NOT what they think you can sell the diamond for

NOT what they would sell the diamond for

NOT what they would appraise the diamond for

Diamonds are forever may be true; regardless of what the jeweler may lead you to believe, diamonds are not a good investment. Unfortunately you may never be able to recoup the full amount you paid for the diamond. In order to get the most back from your diamond, do your research. Know not only what you have, but also what a realistic amount to expect is going to be. Consultations and answers to questions are ALWAYS available at MJ Gabel.  It will only cost you the time it takes for a phone conversation, or to type an email to obtain information that could mean the difference of thousands of dollars in your pocket. MJ Gabel is always available to help clients navigate the diamond industry, and to recoup the maximum amount from the sale of their diamond.

If you are unaware of what your diamonds characteristics are, contact MJ Gabel and take advantage of a free diamond evaluation.

www.MJGabel.com

800-804-1980

 

Louis Vuitton vs Target

Louis Vuitton vs Target..

Successful brand names can help create an allure and the idea of high quality. A woman may choose to pay more for a leather handbag because it carries the name “Louis Vuitton” or she may choose to purchase a specific line of hair care products because she’s “worth it”.  Branding can help to distinguish products from their competitors while also creating the idea of consumer confidence. This is also a good way to increase profits as often times consumers are often willing to pay more for a name they know, recognize, and equate with high value or status.

Diamonds are no different. Is a “Leo” diamond better than a “Hearts on Fire”? And is either better than a GIA graded diamond with an Excellent cut, but no brand name? The idea of marketing a “brand-name” diamond is not a new concept, and is centered on simply a specific combination of proportions that were used to cut the diamond. When light interacts with a diamond, every angle, proportion and facet affects what is returned to the viewer’s eye – this is what gives a diamond a face-up appearance.

As shown above, these basic parts all have a relationship with each other, and their basic proportions in combination to the precision of the diamond’s facets are contributing to the interaction between the diamond and light. The bottom line is this, that every facet, every angle and their relationship to each other affect amount of light returned or lost in a diamond.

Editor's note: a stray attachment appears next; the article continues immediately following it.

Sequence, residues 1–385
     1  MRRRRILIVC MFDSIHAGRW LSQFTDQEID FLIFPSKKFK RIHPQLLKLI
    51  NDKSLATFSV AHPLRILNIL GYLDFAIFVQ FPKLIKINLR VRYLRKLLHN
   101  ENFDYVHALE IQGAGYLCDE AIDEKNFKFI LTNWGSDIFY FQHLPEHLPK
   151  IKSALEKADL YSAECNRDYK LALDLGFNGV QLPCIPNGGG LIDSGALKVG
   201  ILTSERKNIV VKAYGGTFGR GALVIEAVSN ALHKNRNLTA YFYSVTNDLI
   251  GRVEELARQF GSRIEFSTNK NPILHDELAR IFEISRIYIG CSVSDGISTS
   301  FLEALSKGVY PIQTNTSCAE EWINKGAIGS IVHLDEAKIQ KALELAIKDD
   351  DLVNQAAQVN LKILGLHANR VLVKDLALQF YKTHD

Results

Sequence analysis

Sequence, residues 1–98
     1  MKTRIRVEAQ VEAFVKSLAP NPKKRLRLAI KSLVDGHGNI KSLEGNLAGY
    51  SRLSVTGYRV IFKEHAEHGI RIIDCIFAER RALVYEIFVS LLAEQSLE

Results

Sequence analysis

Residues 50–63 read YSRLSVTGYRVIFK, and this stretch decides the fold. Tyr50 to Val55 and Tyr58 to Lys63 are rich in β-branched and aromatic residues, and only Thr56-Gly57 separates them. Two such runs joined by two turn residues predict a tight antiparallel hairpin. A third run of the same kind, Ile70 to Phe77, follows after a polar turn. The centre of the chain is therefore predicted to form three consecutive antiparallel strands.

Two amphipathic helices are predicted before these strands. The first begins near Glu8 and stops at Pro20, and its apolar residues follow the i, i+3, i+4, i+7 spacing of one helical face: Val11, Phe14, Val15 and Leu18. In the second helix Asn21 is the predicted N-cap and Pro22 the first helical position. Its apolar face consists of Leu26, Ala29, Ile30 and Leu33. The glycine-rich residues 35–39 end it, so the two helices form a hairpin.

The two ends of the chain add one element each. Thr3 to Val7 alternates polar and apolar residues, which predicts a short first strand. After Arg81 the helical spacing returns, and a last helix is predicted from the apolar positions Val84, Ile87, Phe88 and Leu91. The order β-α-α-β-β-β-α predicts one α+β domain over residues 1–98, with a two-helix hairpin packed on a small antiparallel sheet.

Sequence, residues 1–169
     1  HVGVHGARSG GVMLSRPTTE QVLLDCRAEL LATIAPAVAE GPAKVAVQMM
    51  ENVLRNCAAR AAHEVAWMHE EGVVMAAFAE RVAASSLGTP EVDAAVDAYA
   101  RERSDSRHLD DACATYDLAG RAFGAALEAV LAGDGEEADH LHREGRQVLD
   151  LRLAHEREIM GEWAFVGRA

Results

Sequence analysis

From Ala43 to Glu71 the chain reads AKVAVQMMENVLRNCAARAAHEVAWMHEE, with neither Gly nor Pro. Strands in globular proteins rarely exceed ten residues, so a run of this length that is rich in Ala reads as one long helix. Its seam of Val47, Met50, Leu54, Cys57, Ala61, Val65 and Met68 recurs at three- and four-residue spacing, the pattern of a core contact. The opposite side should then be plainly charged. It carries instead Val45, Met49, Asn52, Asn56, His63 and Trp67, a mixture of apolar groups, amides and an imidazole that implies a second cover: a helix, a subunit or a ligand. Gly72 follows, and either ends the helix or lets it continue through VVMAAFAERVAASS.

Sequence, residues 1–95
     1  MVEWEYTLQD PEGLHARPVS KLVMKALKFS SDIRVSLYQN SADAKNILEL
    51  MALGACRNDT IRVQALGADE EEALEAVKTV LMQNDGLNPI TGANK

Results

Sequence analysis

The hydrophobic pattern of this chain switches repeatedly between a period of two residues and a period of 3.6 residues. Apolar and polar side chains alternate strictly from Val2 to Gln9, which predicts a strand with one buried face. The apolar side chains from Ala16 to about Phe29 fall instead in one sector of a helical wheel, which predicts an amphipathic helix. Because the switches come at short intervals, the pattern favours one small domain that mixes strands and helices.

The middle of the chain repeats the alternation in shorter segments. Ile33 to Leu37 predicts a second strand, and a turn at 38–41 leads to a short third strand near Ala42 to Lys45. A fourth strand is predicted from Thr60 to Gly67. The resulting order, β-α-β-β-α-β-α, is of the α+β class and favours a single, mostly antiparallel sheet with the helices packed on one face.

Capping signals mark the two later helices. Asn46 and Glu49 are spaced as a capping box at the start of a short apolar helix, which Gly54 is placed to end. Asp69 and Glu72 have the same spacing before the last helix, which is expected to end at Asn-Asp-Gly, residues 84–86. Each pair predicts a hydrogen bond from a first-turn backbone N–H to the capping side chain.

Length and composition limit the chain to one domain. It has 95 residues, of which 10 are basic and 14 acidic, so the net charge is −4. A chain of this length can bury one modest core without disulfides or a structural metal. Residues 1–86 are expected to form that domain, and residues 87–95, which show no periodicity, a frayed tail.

The majority of diamond brands focus on and promote the idea of an “ideal” cut diamond.  The claim is that their specific proportions create the maximum amount of fire (flashes of color seen within a diamond) and brilliance (reflections of white light).  For example, the “Leo” diamond is one that has 66 facets rather than the standard 57-58 of a Round Brilliant, while the “Hearts on Fire” diamond has “hearts and arrows” that can be seen in the table down position. Do the extra facets create a more brilliant diamond? What is more likely to create the most brilliance is a diamond with proportions that fall within certain limits, and all well cut diamonds will display “hearts and arrows,” not just the ones that are branded as such.

Modern diamond cutters have made an attempt to derive the “best” table size, pavilion angle, and crown angle for a Round Brilliant. They argue that the values of these three proportions will produce the most fire and brilliance in a diamond. While there are agreed upon standards for a well cut diamond, there is no positive proof that any one set of proportions will produce an “ideal” cut stone.

GIA (the Gemological Institute of America) does not recognize an “ideal” cut, but rather has created a standard cut grading system. This system assigns a cut grade as determined by that specific diamond’s proportions and the amount of fire, brilliance and scintillation or pattern the diamond displays: Excellent (Ex), Very Good (VG), Good (G), Fair (F), and Poor (P).